of the question of desire, of the generation and corruption of different forms of subjectivity.

3. The specific form that the borrowing of these questions take, as well as the texts and modes of inquiry chosen
to respond to them, vary in each of Deleuze and Guattari's collaborative efforts, from the re-reading of the
relationship between Marxism and anthropology in Anti-Oedipus to the use of the work of Fernand Braudel to
construct a "geophilosophy" in What is Philosophy?, constituting something of a minor intellectual history in itself.
Within this trajectory there are, however, several constant themes, most notably in Anti-Oedipus. Deleuze and
Guattari announce against Hegel that "universal history is the history of contingencies, and not the history of
necessity." This meditation on the contingent and the event runs throughout their writing on history (AO 140/163).
It would seem that such an announcement would run against Marx as well, against the comprehension of history
as the universal, necessary, and teleological passage from one mode of production to another culminating in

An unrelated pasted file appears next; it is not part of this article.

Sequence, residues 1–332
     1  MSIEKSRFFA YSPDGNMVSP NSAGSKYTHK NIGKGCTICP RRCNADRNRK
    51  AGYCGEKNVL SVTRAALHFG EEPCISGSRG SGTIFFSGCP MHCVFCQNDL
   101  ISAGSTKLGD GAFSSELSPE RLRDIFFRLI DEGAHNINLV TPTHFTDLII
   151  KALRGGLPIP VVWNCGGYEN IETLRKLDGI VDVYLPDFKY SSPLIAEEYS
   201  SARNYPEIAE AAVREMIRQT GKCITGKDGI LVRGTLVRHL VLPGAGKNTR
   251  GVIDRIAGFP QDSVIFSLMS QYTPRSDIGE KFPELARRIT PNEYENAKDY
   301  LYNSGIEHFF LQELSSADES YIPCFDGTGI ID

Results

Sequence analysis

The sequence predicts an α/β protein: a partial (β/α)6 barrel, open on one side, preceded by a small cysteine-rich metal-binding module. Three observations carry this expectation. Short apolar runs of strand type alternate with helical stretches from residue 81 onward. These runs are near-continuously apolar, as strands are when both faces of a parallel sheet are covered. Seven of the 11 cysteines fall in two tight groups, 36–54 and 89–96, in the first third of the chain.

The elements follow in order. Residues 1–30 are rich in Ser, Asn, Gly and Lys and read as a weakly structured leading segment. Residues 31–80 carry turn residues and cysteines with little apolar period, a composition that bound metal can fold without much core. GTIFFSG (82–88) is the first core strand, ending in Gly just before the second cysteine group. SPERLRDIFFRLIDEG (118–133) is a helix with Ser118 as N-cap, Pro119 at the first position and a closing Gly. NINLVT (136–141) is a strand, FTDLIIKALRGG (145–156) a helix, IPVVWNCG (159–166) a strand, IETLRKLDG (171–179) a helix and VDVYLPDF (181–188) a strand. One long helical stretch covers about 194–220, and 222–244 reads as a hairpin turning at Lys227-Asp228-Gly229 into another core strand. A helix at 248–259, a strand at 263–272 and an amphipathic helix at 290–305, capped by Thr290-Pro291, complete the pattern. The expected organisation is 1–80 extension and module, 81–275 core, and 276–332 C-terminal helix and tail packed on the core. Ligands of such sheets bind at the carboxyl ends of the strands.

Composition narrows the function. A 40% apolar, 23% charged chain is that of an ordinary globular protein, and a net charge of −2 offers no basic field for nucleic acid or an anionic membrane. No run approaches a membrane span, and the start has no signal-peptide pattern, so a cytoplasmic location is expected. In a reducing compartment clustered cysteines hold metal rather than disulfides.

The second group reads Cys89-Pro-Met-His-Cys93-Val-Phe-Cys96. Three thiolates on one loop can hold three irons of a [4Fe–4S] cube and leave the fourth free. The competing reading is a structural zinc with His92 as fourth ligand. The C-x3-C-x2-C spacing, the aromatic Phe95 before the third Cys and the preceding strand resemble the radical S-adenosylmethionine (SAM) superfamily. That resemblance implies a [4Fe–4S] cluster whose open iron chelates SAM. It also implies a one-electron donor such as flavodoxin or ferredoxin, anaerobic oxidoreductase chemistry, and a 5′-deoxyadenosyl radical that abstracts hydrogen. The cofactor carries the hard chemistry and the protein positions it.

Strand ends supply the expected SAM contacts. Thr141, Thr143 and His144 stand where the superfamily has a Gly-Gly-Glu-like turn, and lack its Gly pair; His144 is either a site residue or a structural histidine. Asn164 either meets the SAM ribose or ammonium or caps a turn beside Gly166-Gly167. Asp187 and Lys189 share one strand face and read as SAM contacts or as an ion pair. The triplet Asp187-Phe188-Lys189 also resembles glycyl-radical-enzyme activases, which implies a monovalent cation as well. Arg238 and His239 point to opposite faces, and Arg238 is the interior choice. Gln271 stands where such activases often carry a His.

communism (whether governed by class struggle or the conflict between the forces and relations of production as
the determining instance). The gulf that separates Deleuze and Guattari's sense of history and Marx would
appear to deepen as they add that universal history is "retrospective, …contingent, singular, ironic, and critical"
(AO 140/164). In Anti-Oedipus Deleuze and Guattari argue, however, that in thinking history as a series of
singular encounters and accidents they are following exactly "the rules formulated by Marx." Moreover, in Anti-
Oedipus, a text that I will argue sets down the basic problems and terms of Deleuze and Guattari's reflections on
"universal history," they proceed through a reading of Marx's notebooks posthumously titled "Pre-Capitalist
Economic Formations" [Formen, die der kapitalistischen Produktion vorhergehen] in the Grundrisse. In this regard
Anti-Oedipus is more important for understanding the relationship of Deleuze and Guattari to Marx than A
Thousand Plateaus (which is not to suggest that Marx, or an engagement with a Marxist conception of history